One day I decided to bake a cake.
So I pulled my bright new Betty Crocker cookbook off of its shelf and began to leaf through it…
Chapter 1: Getting started
Chapter 2: Appetizers & Beverages
Chapter 3: Breakfast & Brunch
Chapter 4: Breads
“Ah ha!” I had said, as next up was:
Chapter 5: Cakes, Pies & Tarts
The chapter started with a “cake basics” section, but I only glanced at it.
(I had seen my mom and dad, my grandparents and a variety of other people bake cakes before and it didn’t look that tough… )
I started flipping through the types of cakes:
Red Velvet (“smooth-as-silk and buttery rich frosting” said Betty, and I thought: hmm sounds yummy…)
Chocolate Layer Cake (“impressive, but certainly not hard to achieve”)
Chocolate Snack Cake
German Chocolate Cake
Chocolate Hazelnut Torte
Molten Chocolate Cake
(yeesh there were a lot of chocolate recipes – usually too rich for me – and each cake looked more complicated and tricky than the last… I was just looking for a simple, easy, moist and tasty cake… )
Caramel Snicker Doodle Cake
Sour Crème Spice Cake
No, no, no aaaand no!
(Carrots in a cake… come on!)
Suddenly there it was!
One that actually looked tasty, simple, easy, good… like cake!
A Starlight Yellow Cake
Prep time 10 minutes, Total time 2 hours, Serves 12
Flour, Sugar, Baking Powder, Salt, Softened Butter, Milk, Vanilla and Eggs
(all in specific measurements)
Quickly I checked the cabinets and refrigerator for ingredients and verified that everything was there and just waiting to be transformed into cake…
Yummy delicious cake…
and I grabbed my baking supplies, greased the pans, preheated the oven, tossed everything into a big bowl as directed and beat it all together on low speed (scraping the bowl occasionally) until the resulting mixture was a smooth even yellow puddle of tantalizing tastiness.
350° in the oven and about 30 minutes later my Starlight Yellow Cake was ready:
filling the pan evenly
an impeccable golden brown
slightly rounded top
soft, velvety, tender and hot!
Oh so hot!!
Next it was time to make the frosting!
However, somewhere along the way I must have misplaced my Betty Crocker…
But I thought it would be ok
it was just frosting…
how hard could it be…
Sugar, Butter, Milk maybe…
a few other things…
I’d just make it up!
A few cups of sugar (as I wanted it to be sweet)
The milk for some creaminess
when, oops: I accidentally knocked some red pepper sauce into the bowl…
“oh well it’ll spice things up” I thought…
“wait, that could be fun!”
I added some salsa too
(I like cheese! That would make it interesting)
then I thought:
“how about some herbs!”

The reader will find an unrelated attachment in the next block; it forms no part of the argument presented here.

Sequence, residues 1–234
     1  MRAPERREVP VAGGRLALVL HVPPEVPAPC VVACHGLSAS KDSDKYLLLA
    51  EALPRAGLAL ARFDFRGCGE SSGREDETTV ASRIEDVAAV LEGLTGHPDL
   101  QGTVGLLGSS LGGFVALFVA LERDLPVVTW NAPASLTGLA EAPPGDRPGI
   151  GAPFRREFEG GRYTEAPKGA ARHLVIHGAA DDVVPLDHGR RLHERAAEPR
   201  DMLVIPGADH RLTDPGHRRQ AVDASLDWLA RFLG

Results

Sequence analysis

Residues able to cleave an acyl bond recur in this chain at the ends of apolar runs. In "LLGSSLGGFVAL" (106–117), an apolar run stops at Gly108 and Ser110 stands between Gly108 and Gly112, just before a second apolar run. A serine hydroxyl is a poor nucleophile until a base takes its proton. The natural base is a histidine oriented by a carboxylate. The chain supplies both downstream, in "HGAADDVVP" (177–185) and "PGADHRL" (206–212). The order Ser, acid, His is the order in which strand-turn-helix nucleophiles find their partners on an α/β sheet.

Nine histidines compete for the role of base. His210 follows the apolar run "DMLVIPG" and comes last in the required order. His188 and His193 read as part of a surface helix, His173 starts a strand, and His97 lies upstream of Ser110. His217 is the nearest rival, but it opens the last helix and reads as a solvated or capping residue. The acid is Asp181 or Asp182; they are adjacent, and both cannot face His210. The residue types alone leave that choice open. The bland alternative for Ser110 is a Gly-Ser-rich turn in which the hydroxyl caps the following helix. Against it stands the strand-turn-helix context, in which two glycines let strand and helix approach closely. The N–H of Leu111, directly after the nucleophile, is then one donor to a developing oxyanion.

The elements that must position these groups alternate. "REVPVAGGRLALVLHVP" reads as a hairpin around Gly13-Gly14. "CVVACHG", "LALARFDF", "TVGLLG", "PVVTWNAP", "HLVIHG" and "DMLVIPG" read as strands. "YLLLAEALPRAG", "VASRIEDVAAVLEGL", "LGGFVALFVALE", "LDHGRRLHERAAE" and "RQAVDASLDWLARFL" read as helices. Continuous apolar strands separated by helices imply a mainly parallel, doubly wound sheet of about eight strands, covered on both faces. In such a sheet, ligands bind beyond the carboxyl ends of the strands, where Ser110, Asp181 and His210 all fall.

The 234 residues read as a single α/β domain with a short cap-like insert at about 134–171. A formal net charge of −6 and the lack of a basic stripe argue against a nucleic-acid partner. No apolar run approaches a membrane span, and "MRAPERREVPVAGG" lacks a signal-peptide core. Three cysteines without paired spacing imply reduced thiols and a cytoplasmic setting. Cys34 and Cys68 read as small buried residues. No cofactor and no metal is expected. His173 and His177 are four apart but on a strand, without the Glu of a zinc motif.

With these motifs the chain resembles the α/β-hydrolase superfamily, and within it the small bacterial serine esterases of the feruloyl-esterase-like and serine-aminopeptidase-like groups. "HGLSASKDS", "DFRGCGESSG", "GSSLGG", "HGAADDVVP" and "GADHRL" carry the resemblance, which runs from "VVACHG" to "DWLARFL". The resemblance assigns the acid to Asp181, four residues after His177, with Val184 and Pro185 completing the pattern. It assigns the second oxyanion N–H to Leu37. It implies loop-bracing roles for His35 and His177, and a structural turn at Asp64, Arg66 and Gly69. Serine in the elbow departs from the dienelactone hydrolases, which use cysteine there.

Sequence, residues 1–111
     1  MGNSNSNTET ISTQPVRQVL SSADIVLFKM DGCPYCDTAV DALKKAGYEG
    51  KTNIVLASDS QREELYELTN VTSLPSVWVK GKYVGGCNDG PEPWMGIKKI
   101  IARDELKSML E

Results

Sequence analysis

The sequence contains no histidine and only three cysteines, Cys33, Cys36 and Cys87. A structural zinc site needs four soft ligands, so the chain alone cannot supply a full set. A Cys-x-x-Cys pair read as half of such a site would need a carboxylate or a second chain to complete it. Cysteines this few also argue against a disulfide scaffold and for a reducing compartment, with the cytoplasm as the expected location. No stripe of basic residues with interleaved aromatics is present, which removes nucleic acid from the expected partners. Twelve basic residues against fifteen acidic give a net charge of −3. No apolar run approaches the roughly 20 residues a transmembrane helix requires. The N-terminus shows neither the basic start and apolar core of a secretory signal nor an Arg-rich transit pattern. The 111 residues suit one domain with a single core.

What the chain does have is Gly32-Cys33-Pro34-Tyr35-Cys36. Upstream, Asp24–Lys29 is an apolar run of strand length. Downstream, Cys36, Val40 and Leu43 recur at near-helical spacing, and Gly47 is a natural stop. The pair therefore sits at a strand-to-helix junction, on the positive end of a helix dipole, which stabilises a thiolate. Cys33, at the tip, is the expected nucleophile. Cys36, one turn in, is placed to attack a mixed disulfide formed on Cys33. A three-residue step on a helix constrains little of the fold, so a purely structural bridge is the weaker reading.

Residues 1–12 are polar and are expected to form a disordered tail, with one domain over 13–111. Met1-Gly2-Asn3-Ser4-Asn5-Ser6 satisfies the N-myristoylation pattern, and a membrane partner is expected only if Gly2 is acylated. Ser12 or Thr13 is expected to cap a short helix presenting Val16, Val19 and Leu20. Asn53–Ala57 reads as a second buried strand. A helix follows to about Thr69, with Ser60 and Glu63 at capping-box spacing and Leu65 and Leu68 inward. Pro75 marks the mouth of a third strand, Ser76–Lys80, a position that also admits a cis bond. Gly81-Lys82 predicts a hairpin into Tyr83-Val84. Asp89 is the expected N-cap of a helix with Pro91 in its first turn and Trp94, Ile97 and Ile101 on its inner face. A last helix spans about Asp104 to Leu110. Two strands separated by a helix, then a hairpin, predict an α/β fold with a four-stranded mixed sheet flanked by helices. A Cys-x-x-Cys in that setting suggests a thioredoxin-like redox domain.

I love herbs!
the frosting had started to emit a pretty pungent aroma… and seemed a bit chunky to apply…
So I tossed in some peppermint and nutmeg and put the whole gloppy mess into a blender and confidently pressed: puree!
The whirling blades whipped the mix into a fine yummy smelling goop
My cake had cooled by this point and so I began to gently smear the brownish glaze over its surface: coating it with care.
I quickly lost myself to the anticipation of carefully slicing my creation and lifting a small delicious bite to my lips…
In no time at all the perfectly round, perfectly baked, perfectly frosted cake sat on its perfect little cake plate.
The perfect little wedge I carefully removed looked…
Mmmmm yummy delicious cake!
With my shiny stainless-steel-made-in-China fork I raised a morsel to my mouth…
I did finish the piece…
And still have the rest of the cake…
(it’s in the freezer now)
I mean, I did make it all by myself…
I wouldn’t recommend trying it though…
The frosting is just a little….
[some simple advice from Betty: “To make great cakes, just remember that baking is more precise than cooking. You need to use the right pans, measure ingredients accurately and follow directions carefully.”]
Avery is a voracious cogitator and loquacious elocutor learned in the art of philosophizing at Siena College and imbued with the mysteries of educating America’s youth through two additional post collegiate degrees from The Sage Colleges. He currently works as house manager at RPI’s Experimental Media and Performing Arts Center where he engages in curious experiences brought to fruition by creative minds the world over. Residing in the Albany hamlet of Latham with his two astounding children, who occasionally acquiesce to his desire to sneak out and perform in the secret back rooms of the Albany poetry scene, he occupies his time with extra curricular meetings, wargaming, hardcore metal shows, and painting. Oh, and sometimes he writes words and stuff on napkins that makes him giggle.